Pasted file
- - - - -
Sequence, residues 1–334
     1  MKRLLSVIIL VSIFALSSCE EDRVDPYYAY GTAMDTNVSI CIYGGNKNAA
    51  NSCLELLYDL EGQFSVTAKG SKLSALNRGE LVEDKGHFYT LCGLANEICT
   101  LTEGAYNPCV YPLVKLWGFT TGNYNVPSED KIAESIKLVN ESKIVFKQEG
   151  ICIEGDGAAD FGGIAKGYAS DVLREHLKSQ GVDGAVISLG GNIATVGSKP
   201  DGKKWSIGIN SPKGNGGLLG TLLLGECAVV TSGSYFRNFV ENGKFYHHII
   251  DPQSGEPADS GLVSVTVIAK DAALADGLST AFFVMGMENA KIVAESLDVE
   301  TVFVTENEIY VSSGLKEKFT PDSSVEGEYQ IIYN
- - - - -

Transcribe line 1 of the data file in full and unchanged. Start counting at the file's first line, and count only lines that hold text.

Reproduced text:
Sequence, residues 1–334